Organic wine: less sulfites and protection of Italian practices

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Organic wine: less sulfites and protection of Italian practices. Ahead of the revision of the organic wine regulation at Vinitaly, the Italian proposal is discussed

Ahead of the amendment of EU Regulation 203/2012 on the production of organic wines, which has been in effect for three years, Italy is refining its proposal. The request to the EU focuses on two aspects in particular:

  • The maintenance of certain winemaking practices for the production of concentrated musts
  • The reduction of adjuvants and sulfites allowed in organic wine so that the difference from conventional wine is increasingly marked.

The Italian proposal was the subject of the conference ‘The revision of organic wine regulations. The Sector Compares’, organized on March 23, 2015, as part of Vinitaly, by FederBio together with AIAB and the Italian Association for Biodynamic Agriculture.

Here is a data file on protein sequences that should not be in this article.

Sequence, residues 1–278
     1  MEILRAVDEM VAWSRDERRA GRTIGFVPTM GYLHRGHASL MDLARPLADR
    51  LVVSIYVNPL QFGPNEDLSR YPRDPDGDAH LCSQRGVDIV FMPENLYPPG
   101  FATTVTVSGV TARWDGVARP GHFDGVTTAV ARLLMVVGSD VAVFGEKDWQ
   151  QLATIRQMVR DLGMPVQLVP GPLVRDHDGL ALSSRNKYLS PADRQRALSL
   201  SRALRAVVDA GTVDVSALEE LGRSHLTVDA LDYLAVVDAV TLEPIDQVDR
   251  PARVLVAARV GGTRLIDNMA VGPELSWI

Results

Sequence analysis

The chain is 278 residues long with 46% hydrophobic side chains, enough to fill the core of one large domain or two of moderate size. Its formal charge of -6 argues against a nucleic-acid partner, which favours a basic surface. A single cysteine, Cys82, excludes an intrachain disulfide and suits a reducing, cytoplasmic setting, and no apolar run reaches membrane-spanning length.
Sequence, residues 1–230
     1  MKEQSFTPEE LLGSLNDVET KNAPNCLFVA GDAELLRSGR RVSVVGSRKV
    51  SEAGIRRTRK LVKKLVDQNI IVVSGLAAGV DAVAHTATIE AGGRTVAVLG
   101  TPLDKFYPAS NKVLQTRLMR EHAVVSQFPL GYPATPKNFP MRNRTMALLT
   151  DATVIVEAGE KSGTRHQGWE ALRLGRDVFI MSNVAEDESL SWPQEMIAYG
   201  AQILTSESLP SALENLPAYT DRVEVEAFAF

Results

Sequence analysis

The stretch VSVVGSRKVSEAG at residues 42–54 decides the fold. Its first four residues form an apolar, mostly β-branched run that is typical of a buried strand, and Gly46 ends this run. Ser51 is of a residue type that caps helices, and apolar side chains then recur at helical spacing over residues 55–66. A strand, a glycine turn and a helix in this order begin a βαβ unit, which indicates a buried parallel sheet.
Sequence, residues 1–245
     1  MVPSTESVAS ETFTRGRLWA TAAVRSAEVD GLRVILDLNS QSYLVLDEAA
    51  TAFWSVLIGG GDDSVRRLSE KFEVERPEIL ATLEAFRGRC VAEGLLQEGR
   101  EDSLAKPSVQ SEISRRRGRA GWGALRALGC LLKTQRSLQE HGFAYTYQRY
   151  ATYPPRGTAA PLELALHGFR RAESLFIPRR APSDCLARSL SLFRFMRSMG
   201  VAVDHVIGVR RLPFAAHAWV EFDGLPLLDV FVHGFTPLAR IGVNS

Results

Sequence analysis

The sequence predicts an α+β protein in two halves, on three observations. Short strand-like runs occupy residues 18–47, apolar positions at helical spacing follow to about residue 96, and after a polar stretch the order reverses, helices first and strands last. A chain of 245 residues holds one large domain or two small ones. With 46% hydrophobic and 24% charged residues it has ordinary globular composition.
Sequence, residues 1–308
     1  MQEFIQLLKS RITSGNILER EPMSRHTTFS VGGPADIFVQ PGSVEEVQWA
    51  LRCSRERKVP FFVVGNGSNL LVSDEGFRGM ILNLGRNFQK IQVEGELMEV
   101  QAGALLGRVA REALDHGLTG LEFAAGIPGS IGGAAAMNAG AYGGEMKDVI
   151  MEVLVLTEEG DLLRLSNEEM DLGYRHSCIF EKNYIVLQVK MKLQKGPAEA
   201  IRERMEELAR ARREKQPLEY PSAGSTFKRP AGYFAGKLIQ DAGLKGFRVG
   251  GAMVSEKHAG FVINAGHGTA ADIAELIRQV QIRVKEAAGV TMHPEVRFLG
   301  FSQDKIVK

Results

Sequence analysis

Giacomo Mocciaro of the Ministry of Agriculture and Forestry explained the proposed revision under discussion in Brussels. With changes on some oenological practices on concentrated musts, the use of which is of fundamental importance for wine production in Italy.

“At a time of growth in organic wine, which has seen a 67.8 percent increase in hectares planted with vines (from 40,480 hectares in 2008 and 67,937 in 2013), it is important that the rules are clear and easily applied by companies in the sector,” stresses Paolo Carnemolla, president of FederBio.

Organic wine less sulfites and adjuvants

The end point must meet two requirements, according to Mauro Braidot of UPBIO. Says the representative of Italy’s organic and biodynamic producers, “Safeguard those practices, such as concentrated must, which are of extreme importance especially for production in regions with a strong wine-making tradition in northern Italy, and reduce adjuvants in order to further mark the difference between organic and traditional wine even in the winery.” Adjuvants include sulfites. For which Italian producers are aiming for a further reduction in permitted quantities.

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